Make Your Records Management Policy Work For You

by on July 6, 2009 · 0 Comment POSTED IN: HR Info Center

What You Need In A Good Records Management Policy

So how do you keep all of this stuff for all of this time? Well, let’s talk about now about formulating a records management policy. A records management policy is essential to avoiding becoming one of the horror stories of botched records retention. There are a number that we can point to.

So why do you want have a records management policy? Number one – it helps you identify the documents and information your company produces. You want to know what you’re making. So, if you’re ever questioned about something or if an investigation ever comes up, or if you ever need to defend yourself against the charge, you want to know what information that you produce that might help you out of that.

The other thing that a records management policy does is that it controls that paper work. It helps you control how long you need to keep those documents for your business needs, and to meet your legal obligations.

So when you devise a record management program, what you do is you look at it and say, “How long do I need these, how long do I need to keep these to satisfy my legal obligations?” Number one, and then number two, “Do I need to keep it longer than that, in order to keep my business running?”

And finally the records management policy provides directions as to when each type of document will be destroyed. So this will free up physical space for you.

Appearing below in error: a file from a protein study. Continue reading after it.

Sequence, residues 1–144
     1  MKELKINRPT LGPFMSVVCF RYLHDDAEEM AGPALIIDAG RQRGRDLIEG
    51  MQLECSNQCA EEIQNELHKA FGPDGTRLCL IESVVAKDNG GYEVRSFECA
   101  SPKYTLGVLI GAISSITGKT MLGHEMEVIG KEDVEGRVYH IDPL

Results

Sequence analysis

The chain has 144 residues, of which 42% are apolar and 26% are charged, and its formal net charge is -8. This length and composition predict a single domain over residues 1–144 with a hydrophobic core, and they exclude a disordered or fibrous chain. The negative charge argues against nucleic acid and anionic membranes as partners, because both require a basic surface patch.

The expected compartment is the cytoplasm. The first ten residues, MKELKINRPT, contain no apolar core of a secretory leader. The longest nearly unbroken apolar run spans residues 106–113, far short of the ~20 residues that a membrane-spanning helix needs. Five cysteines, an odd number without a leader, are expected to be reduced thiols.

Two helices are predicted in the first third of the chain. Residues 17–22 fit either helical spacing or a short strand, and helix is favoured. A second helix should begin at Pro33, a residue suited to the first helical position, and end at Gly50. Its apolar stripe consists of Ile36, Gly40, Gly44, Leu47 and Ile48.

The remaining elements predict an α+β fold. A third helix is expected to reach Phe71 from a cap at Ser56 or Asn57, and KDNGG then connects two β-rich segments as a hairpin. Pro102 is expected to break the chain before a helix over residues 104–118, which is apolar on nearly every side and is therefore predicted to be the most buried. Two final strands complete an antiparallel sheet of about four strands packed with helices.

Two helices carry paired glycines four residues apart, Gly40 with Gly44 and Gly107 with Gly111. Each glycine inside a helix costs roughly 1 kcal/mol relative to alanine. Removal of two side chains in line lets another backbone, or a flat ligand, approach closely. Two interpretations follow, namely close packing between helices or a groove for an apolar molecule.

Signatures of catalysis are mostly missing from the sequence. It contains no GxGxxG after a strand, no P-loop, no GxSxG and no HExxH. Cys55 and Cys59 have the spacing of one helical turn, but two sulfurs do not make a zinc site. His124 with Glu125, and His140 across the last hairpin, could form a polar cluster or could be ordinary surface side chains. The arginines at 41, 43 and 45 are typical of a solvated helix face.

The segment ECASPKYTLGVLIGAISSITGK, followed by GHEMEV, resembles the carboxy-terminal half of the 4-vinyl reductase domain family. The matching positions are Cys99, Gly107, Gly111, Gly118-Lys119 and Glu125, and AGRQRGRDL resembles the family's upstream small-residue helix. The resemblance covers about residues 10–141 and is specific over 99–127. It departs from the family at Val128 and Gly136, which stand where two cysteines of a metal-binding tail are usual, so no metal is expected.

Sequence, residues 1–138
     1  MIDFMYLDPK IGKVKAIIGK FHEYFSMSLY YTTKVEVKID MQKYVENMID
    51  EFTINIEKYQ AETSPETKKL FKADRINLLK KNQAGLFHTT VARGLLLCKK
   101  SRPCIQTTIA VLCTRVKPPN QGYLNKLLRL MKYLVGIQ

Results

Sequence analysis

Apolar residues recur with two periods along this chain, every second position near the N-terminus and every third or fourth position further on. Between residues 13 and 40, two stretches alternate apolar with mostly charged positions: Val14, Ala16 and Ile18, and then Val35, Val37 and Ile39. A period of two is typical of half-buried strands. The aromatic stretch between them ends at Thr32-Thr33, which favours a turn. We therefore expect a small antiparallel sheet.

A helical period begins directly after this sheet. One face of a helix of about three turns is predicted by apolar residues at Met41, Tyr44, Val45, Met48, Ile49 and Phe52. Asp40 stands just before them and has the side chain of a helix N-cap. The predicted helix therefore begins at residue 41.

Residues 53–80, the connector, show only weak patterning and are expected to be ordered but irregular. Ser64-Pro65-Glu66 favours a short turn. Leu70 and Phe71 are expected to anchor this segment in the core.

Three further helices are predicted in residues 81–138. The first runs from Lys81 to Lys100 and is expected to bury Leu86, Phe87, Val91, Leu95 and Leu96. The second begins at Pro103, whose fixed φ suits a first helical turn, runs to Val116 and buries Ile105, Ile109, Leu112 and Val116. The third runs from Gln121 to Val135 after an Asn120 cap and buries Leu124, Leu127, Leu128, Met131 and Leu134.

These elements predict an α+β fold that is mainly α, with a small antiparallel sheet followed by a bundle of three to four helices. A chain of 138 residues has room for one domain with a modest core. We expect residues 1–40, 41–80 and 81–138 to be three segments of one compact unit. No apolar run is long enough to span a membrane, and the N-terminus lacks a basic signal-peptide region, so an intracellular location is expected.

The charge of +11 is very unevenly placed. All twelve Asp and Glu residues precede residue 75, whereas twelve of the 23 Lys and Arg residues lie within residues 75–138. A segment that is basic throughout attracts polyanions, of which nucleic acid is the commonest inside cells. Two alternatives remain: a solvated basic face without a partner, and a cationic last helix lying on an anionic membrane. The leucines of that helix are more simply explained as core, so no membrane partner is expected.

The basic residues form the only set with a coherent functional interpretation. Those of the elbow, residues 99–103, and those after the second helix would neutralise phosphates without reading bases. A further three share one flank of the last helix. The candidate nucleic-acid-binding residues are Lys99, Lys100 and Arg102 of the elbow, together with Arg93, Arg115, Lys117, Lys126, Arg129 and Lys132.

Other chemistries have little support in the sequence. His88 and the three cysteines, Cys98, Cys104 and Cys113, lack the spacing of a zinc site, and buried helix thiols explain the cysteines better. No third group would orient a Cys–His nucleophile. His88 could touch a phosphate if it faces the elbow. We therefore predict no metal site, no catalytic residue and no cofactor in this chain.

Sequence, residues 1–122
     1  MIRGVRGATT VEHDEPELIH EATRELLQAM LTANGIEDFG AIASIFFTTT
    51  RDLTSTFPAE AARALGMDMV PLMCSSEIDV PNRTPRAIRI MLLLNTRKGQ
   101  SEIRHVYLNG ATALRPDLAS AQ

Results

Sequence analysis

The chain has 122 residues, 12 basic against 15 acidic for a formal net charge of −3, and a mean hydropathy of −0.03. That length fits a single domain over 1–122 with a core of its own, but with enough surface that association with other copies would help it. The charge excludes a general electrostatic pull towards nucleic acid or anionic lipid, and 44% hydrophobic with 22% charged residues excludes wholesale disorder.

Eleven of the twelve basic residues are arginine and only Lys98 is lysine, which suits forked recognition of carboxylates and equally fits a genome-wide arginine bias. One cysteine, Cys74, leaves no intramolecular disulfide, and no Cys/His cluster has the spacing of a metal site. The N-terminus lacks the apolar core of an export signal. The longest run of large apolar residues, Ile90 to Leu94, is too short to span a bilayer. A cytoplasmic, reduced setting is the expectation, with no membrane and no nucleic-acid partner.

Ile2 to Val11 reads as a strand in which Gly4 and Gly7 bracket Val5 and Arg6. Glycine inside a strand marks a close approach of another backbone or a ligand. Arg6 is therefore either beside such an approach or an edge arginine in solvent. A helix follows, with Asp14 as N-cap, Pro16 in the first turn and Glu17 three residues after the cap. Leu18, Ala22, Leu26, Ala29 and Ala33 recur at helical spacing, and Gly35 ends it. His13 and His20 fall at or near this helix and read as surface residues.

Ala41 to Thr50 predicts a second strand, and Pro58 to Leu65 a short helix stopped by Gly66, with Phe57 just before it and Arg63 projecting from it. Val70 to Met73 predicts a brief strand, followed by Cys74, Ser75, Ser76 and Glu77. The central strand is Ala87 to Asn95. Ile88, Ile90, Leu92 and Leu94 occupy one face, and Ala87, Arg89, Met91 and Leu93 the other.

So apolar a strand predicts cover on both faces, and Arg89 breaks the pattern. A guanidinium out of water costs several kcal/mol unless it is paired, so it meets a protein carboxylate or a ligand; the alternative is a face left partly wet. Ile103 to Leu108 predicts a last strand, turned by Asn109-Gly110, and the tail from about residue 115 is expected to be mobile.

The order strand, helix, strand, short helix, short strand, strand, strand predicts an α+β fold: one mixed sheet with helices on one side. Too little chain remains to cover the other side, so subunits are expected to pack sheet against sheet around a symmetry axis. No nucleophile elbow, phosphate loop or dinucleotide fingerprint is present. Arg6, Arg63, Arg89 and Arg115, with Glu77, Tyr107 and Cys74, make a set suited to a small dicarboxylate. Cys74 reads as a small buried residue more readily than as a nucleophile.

As far as implementing a records management policy, the first thing that you need to do is to assess the documents and information that your business produces and then determine how long you need that information for business purposes. These determination needs to be made by a representative sample of people from the various departments of the company. You need to know what the sales department produces. You need to know what accounts payable and accounts receivable is producing. You need what HR is producing.

This needs to be a company-wide initiative to get a handle on what documents you’re producing including any electronically stored information and figure out how long you need to keep that information.

Second step here is to obviously evaluate the applicable laws that dictate how long you need to keep each type of document to make sure that your records management policy doesn’t get you into any compliance problems.

Finally you need to develop guidelines regarding where and how various documents and information will be stored and when and how they will be destroyed. Some considerations here are going to be – well are we going to keep this information electronically or are we going to keep it in paper format? If we’re going to keep it electronically, how are we going to make sure that it is safe-guarded? And then if it is kept electronically, how do we destroy it and know that it’s gone?

The other – as far as paper documents, you know, are we going to shred them? Are we going to burn them? What are we going to do? Then you obtain management approval of the plan and then delegate responsibility for oversight of the program and produce a policy or a manual that sets it out in writing. And the important part of this is making sure the policy and plan are followed.

That way at any one point in time, you are able to say whether you’re going to have particular documents or whether they’ve been destroyed. If they’ve been destroyed, you have a completely innocent and reasonable explanation for why they were destroyed. Now obviously if there is piece of litigation out there, the records management policy needs to stop right then. And that’s what we’re going to get into now.

Edited Remarks From “Personnel Document Retention: What to Keep, How to Keep It & Why It Matters” by Matt Gilley

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